After the success of last year’s inaugural Off the Grid, Australia’s first solar-powered, zero-waste music and arts festival is back with another great lineup of shimmering local talent. Taking place once again at the ACCA Forecourt on the summer solstice (Wednesday 21 December), Off the Grid presents a packed day of local arts, entertainment and local food, all powered by local energy – with 100% of profits going directly into building a solar project set to speed up Melbourne’s transition towards becoming a self-sufficient city. All recyclables from the event will also be recycled, with all organic waste to be used for compost with no material sent to landfill, in a bid to achieve zero-waste status.
Presented by our pals at Finding Infinity, an organisation dedicated to speeding up the world’s transition to renewables through creativity and consulting, Off the Grid’s five-metre high stage will be powered by a high-tech battery power bank. Head to the Off The Grid website for all the event info you need & ticketing information.
GIVEAWAY! We’ve got a double pass (RRP $200) for one lucky Assemble Papers reader and a friend to head along to Off the Grid festival and its Palimpsest conference. Email your name and phone number to hello [at] assemblepapers [dot] com [dot] au (Subject: ‘OTG 2016’) before 5pm Friday 25 November for your chance to win!
Assemble Papers is an official media partner for Off the Grid Festival 2016. Original image: Off The Grid 2015, via Finding Infinity.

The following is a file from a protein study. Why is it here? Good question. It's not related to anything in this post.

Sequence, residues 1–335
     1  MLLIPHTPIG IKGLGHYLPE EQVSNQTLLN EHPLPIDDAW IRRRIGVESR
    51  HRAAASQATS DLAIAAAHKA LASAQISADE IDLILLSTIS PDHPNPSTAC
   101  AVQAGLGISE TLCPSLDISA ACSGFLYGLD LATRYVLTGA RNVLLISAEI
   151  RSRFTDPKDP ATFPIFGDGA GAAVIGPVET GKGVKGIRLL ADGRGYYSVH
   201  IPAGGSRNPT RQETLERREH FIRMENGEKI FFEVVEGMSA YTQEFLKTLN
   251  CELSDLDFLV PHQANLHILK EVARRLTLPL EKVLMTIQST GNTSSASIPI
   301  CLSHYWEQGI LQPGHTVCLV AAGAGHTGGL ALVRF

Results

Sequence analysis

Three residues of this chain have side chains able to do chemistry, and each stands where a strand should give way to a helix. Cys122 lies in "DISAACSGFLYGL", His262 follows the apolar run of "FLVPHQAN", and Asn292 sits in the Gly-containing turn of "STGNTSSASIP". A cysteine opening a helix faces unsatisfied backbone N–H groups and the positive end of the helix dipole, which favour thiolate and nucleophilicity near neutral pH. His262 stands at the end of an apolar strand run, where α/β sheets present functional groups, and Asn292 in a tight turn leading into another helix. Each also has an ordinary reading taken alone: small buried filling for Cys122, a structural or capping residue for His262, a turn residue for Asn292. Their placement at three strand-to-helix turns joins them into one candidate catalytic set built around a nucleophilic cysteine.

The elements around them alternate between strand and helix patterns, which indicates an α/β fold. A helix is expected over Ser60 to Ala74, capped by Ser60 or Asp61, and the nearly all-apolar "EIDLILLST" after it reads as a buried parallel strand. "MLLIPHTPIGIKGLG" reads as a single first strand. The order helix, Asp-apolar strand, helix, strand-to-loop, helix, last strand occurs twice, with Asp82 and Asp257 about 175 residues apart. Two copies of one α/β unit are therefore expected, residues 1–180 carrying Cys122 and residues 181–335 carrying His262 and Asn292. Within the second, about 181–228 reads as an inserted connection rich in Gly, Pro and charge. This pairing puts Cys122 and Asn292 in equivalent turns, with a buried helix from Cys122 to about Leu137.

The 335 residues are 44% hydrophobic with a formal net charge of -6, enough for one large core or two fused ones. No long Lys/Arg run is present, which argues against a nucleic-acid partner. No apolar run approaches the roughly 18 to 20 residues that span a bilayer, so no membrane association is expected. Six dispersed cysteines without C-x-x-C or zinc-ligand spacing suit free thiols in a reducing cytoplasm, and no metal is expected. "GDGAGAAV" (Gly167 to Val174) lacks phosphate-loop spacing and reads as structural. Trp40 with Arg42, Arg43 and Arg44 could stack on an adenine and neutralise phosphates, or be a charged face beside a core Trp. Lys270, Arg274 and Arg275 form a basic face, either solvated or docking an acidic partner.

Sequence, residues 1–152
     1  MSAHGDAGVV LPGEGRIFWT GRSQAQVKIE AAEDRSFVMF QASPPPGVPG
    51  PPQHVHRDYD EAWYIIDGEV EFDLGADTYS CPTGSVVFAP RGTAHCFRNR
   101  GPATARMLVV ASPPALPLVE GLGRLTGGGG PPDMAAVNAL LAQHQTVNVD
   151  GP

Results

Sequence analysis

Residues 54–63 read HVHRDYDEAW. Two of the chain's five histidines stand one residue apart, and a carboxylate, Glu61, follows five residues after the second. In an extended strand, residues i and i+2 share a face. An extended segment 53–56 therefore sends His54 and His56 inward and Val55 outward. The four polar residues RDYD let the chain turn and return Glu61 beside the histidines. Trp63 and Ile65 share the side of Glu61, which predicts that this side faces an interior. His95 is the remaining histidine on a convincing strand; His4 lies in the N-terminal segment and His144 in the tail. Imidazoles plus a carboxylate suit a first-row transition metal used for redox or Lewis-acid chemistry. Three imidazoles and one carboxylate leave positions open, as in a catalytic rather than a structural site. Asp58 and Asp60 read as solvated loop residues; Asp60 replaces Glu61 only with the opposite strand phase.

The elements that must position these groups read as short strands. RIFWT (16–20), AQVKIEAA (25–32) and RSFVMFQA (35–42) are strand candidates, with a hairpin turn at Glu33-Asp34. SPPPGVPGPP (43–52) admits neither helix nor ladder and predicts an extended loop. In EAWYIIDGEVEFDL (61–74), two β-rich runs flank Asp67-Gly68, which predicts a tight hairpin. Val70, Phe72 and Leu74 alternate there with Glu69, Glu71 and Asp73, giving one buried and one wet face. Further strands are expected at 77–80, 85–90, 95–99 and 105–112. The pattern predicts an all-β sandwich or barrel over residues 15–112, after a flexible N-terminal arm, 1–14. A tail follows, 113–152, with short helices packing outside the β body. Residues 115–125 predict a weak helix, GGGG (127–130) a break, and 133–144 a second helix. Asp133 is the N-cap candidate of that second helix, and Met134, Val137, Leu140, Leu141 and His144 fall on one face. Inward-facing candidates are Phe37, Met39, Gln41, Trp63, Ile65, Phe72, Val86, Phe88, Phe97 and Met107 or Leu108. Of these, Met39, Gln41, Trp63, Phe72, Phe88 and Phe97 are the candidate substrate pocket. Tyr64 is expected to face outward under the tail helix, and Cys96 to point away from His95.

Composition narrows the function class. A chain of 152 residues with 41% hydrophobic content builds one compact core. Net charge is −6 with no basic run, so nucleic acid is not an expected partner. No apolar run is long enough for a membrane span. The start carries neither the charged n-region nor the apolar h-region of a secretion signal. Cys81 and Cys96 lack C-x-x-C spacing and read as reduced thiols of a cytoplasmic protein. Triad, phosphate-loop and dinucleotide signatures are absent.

The 7th print issue of Assemble Papers, 'In/formation', considers activism, collective action and the power of people in the information age. (The Beyonce reference in this issue's title is a happy accident.) Here, AP editor Sara Savage explains some of the thinking behind this issue, published in partnership with CLIMARTE, the clever folks behind the biennial ART+CLIMATE=CHANGE festival
Liberate Tate is an activist art collective, formed shortly after the Deepwater Horizon oil spill, that spent six long years campaigning British cultural institution Tate to drop its oil company funding through a series of nearly 20 unsanctioned performances, interventions and protests. Sara Savage speaks to co-founder Mel Evans about 'Big Oil', ethical sponsorship and the power of performance
Tiggy cafe's Sarah Booth and Julia Dunne share a recipe they learned from Nayran Tabiei, cooking teacher at Free to Feed, a pop-up cooking school in Melbourne taught by refugees and asylum seekers. The recipe? Nayran's Tas Kebab – originating in Turkey, over the centuries it's a dish that has made its way across the region and appears here with a Syrian twist